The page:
Let’s go back to our example of editing the model to access customer location in the insights. At that point, the data analyst can create a new dataset in the model and define relationships between datasets and publish the data model into the workspace of her choice. Once she is done publishing the data model into the workspace, she has to make sure that the GoodData platform will receive the information about the location, which she defined in the updated data model. She can simply create the output stage definition right inside GoodData platform without needing to understand the SQL code. All she has to do is copy the code, forward it to the data engineer, and let the data engineer update the output stage in the cloud data warehouse.
By making it easier for data engineers and data analysts to collaborate, you can ultimately reduce the time to market and begin rolling out the solution to business users.
3. Automate Data Distribution and Change Management
The process of keeping your data fresh and managing change is never-ending. There’s always another issue that needs to be fixed, a report that needs to be adjusted, or report definitions that need to be rewritten or just a regular data update that needs to be performed. Multiply these needs for hundreds of business partners—each of which may have thousands of users—and things can quickly get out of hand. For there to be any feasible way to handle these changes, this process must in some way be automated.
You already have data connections to your cloud data warehouse. You also already have your data model updated based on your interactions with business users, and you’ve easily communicated this to your data engineers within the GoodData platform. Now you need to roll out your project to your business partners or customers so that they can make better decisions.
With GoodData, you can automate data distribution to private workspaces dedicated to each of your customers. GoodData organizes analytical data of your customers into customer-specific workspaces in a secure way that meets all compliance standards, a process that enables per-customer customizability and access controls so you can manage new releases and individual feature rollouts.
An automated distribution service efficiently pushes the changes from your retrieved data into thousands of customer workspaces. Then, you can schedule data ingestion tasks, invoke tasks by API, or set them up from the administration user interface. To keep tabs on changes or how data is distributed, you can set up failure alerts via e-mail or integrate alerts with third-party services like PagerDuty. Instead of having a team to manage the operation of the entire solution, which serves thousands of customers, GoodData allows you to set up, manage, and control the whole process in a single cloud-based platform.
4. Focus on the Insights the Data Brings, Not on the Data Itself
Your company needs to keep your data products and whole analytical solution consistent. The last thing you want is for one department to have different results than another, or for a user to perform improper analysis using data that isn’t related. Multiply this risk across hundreds, thousands, or tens of thousands users, and it’s clear that you need to provide users with some form of guidance to help them create insights. You also need to be sure that there’s a single source of truth provided by the analytics platform.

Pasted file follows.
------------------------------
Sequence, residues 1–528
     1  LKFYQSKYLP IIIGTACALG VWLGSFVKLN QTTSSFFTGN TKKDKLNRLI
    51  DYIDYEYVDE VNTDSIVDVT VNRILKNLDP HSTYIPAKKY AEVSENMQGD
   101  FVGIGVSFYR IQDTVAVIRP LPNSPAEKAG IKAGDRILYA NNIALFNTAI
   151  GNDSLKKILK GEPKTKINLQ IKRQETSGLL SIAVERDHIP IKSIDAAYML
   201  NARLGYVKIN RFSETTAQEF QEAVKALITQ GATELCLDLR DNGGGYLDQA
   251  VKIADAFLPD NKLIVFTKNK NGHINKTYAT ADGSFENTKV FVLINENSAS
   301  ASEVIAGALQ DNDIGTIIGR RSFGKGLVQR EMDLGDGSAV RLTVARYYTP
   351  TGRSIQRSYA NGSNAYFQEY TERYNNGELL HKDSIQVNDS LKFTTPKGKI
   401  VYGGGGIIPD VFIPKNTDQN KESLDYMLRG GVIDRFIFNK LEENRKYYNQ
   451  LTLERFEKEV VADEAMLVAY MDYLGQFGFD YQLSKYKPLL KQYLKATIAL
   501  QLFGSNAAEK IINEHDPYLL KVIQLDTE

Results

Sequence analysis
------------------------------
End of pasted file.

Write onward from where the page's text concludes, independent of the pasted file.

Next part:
Relationships and metrics are key elements in GoodData’s semantic layer. With a shared data model, business users in different entities get consistent results wherever they are, which support the single version of truth provided by analytics. They can also understand what data is related and use it effectively to draw their own insights and conclusions.
Metrics are created using a modern, easy-to-use tool which guides you through the process, so users don’t have to worry if they don’t exactly have deep BI or analytics experience. Self-service capabilities allow everyone to benefit from analytics, without the need to involve developers.
GoodData’s Analytical Designer is a best-in-class data discovery tool that allows you to work with metrics and attributes and create different views of the data. It offers multiple visualization types, so no matter what you are trying to visualize, GoodData will help you to convey the message in the best possible way. Users can also use Analytical Designer to create visualizations that can be used in dashboards or be embedded in the application.
Thanks to the logical data model,GoodData also allows business analysts to work with augmented analytics by allowing them to work only with relevant data for their insights and suggests next steps for their analytical projects. Should a user discover that these insights aren’t needed at a particular point in their workflow, they can also schedule automatic report delivery by scheduling emails.
Interested in trying it for yourself? GoodData Free gives you access to up to five analytical workspaces with enough power to prototype and start your pilot project using any of the following data sources:
- A cloud data warehouse (e.g., Redshift, Snowflake, BigQuery, Microsoft Azure Synapse Analytics)
- An object storage service (e.g., Amazon S3, Microsoft Azure Blob)
- PostgreSQL, Microsoft Azure SQL Database, Microsoft SQL Server
- CSV files
Go to www.gooddata.com/free, register, and start building your insights today!
Written by GoodData Author |